Hands off

This month Windows Middle East turns you into a phishing expert to help you safeguard your hard-earned green from online thieves.

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By  Cleona Godinho Published  April 5, 2008

3. The lock icon

If you're at a secure website, you should see a closed padlock icon on the lower right corner of the browser window. The closed lock signifies that the website applies encryption to its personal and financial data.

If you click on it, it will open a window that gives you more details regarding the security certificate. Every company that asks you for sensitive information must have a digital certificate, preferably one from an established certificate authority such as Thawte, Digicert or VeriSign.

Note that many phishers place a fake closed padlock icon on the webpage itself to trick you into thinking the page has a valid certificate.

Take the test

Now that you know what to look for in a potential phishing e-mail or website, the next step is to test your skills. Point your browser to www.sonicwall.com/phishing and take the Phishing IQ test.

This rates how good you are at distinguishing real e-mails from ‘phishy' ones. Once you've completed the test, the site will provide a post-mortem of each e-mail and explains why that particular message was legitimate or not. Try it out and let us know your scores by e-mailing us at windows@itp.com.

Background burglars

As mentioned previously, aside from using e-mails and spoof sites to ‘phish' out sensitive information, some hackers are now phishing using reputable sites. How is this possible?

Con Mallon, Symantec's EMEA product marketing director explains, "Hackers are now using well-known and reputable sites to launch attacks. There's actually a Russian-developed toolkit that lets you hack into a website and place malware in the site's code.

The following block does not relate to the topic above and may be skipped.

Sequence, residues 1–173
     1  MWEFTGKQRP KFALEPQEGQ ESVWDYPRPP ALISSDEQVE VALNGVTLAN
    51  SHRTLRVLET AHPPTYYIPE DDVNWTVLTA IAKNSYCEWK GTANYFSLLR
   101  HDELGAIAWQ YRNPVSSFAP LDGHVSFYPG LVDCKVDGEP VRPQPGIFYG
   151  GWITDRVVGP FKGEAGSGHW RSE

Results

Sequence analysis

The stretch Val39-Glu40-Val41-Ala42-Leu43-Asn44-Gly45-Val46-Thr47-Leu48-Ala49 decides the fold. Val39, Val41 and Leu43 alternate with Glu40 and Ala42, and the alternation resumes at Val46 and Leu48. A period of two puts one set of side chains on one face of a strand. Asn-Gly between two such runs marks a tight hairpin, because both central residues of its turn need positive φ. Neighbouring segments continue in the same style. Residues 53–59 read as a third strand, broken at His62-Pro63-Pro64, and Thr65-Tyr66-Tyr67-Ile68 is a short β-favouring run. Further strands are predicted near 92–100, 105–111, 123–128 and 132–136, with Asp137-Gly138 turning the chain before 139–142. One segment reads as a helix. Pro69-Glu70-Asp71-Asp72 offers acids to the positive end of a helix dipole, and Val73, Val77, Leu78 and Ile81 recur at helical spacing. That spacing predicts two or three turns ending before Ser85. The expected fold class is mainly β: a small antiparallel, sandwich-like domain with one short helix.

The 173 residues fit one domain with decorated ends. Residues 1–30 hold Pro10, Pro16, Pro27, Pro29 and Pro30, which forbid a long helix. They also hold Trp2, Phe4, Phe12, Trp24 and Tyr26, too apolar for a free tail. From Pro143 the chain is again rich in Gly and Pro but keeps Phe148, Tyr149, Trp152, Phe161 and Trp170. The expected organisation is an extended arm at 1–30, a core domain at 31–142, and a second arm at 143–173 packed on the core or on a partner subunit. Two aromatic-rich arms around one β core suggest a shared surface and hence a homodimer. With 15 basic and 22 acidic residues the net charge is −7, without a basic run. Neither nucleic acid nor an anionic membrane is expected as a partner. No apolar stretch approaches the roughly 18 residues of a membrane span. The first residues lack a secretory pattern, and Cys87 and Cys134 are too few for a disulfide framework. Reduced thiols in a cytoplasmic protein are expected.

Therefore, as the user loads a certain webpage, there's a tiny piece of hacker code that is read by your browser.

Once this occurs, your browser is forced to connect to a remote server and then begins downloading malware onto your PC in the background. This malware can be in the form of spyware or key-logging software, which is designed to steal your personal and financial details.


According to security firm Sophos, there are whopping 9500 new infected web pages every single day. Shocking, we know. So how exactly do you protect yourself? It's simple; make sure you install anti-virus software from a reputable firm such as McAfee, Symantec or NOD32, and update its security definitions regularly.

Surf smart

Top five phishing tips every netizen should know...

1. Always verify you're at the right website before entering information

2. Visit websites by typing the URL directly into the address bar

3. Regularly visit Antiphishing.org for news and updates on phishing scams and new techniques.

4. If you feel you've been a victim of a phishing scam, you should immediately report the scam to the company that's being spoofed. If you're unsure how to contact the company, visit its website to get the correct contact info.

5. Regularly check your bank and credit card statements to check that all transactions are legitimate. If you notice anything suspicious, contact your bank immediately.

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